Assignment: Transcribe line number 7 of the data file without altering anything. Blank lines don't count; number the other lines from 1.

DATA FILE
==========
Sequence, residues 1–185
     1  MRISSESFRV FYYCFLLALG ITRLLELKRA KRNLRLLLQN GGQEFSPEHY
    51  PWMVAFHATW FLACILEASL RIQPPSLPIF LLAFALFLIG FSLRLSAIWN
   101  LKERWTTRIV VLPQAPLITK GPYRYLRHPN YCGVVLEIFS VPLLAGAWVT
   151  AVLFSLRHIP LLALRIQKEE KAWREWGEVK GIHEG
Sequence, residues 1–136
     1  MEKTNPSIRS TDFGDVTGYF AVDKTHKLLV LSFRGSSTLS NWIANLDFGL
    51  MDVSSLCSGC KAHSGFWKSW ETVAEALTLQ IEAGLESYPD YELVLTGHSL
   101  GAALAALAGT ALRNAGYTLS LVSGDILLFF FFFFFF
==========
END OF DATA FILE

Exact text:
     1  MEKTNPSIRS TDFGDVTGYF AVDKTHKLLV LSFRGSSTLS NWIANLDFGL